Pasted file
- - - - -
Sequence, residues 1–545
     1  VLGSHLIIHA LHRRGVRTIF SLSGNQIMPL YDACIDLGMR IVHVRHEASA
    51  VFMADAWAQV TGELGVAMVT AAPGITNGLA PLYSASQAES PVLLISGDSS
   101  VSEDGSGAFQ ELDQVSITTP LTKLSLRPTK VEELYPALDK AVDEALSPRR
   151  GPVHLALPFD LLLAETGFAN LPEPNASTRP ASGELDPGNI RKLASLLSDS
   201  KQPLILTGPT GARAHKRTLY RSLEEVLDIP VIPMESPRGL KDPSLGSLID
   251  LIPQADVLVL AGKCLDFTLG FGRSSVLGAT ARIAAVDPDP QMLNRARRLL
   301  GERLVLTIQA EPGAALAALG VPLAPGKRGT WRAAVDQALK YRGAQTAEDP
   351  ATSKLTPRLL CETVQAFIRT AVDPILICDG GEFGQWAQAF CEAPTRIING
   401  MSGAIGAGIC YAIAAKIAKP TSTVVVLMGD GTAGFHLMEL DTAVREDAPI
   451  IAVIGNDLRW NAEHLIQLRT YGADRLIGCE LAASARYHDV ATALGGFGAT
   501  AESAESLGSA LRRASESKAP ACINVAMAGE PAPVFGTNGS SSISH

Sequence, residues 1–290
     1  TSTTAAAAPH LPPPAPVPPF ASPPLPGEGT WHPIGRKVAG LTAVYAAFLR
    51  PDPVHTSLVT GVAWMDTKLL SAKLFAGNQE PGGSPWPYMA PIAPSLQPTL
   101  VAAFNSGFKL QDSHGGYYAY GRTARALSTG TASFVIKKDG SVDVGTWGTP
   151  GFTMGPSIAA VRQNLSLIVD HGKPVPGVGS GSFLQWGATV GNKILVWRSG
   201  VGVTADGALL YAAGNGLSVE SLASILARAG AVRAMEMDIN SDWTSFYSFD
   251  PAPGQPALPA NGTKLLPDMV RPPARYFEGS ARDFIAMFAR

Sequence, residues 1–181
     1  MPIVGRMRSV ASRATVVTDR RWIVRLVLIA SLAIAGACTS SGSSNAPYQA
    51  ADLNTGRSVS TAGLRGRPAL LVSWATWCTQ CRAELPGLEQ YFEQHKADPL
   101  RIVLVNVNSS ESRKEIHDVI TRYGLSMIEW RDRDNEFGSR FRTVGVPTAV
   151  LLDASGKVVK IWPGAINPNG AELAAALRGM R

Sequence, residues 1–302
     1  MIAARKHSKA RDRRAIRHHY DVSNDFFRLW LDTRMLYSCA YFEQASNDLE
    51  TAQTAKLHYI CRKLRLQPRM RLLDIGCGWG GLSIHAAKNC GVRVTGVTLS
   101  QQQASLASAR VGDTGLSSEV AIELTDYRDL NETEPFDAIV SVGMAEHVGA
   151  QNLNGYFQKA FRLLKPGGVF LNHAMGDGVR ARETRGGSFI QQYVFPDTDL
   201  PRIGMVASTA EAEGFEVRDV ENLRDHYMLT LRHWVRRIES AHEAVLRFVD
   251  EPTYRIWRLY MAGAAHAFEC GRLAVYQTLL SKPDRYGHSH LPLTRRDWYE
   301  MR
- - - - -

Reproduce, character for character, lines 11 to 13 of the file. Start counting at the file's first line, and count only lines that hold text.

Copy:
   451  IAVIGNDLRW NAEHLIQLRT YGADRLIGCE LAASARYHDV ATALGGFGAT
   501  AESAESLGSA LRRASESKAP ACINVAMAGE PAPVFGTNGS SSISH

Sequence, residues 1–290